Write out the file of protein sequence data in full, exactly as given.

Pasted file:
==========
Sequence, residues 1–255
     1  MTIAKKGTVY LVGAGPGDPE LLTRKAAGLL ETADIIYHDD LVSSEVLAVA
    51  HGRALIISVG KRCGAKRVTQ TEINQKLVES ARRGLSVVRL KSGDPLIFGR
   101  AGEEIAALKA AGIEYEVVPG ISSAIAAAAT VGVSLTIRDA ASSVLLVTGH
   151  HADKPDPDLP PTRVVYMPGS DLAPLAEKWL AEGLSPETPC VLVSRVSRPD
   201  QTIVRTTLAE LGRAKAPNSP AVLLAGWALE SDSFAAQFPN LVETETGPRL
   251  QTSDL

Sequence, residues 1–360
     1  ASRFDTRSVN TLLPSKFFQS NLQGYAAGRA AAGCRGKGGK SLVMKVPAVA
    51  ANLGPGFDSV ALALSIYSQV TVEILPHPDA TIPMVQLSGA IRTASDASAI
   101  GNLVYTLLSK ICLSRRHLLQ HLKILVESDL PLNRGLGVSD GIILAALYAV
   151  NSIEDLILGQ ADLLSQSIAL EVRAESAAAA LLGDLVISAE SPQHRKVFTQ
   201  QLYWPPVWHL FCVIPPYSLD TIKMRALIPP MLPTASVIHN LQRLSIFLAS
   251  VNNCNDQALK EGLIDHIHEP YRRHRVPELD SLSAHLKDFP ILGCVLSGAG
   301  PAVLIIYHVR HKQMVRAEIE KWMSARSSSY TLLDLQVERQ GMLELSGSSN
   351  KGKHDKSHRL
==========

Sequence, residues 1–255
     1  MTIAKKGTVY LVGAGPGDPE LLTRKAAGLL ETADIIYHDD LVSSEVLAVA
    51  HGRALIISVG KRCGAKRVTQ TEINQKLVES ARRGLSVVRL KSGDPLIFGR
   101  AGEEIAALKA AGIEYEVVPG ISSAIAAAAT VGVSLTIRDA ASSVLLVTGH
   151  HADKPDPDLP PTRVVYMPGS DLAPLAEKWL AEGLSPETPC VLVSRVSRPD
   201  QTIVRTTLAE LGRAKAPNSP AVLLAGWALE SDSFAAQFPN LVETETGPRL
   251  QTSDL

Sequence, residues 1–360
     1  ASRFDTRSVN TLLPSKFFQS NLQGYAAGRA AAGCRGKGGK SLVMKVPAVA
    51  ANLGPGFDSV ALALSIYSQV TVEILPHPDA TIPMVQLSGA IRTASDASAI
   101  GNLVYTLLSK ICLSRRHLLQ HLKILVESDL PLNRGLGVSD GIILAALYAV
   151  NSIEDLILGQ ADLLSQSIAL EVRAESAAAA LLGDLVISAE SPQHRKVFTQ
   201  QLYWPPVWHL FCVIPPYSLD TIKMRALIPP MLPTASVIHN LQRLSIFLAS
   251  VNNCNDQALK EGLIDHIHEP YRRHRVPELD SLSAHLKDFP ILGCVLSGAG
   301  PAVLIIYHVR HKQMVRAEIE KWMSARSSSY TLLDLQVERQ GMLELSGSSN
   351  KGKHDKSHRL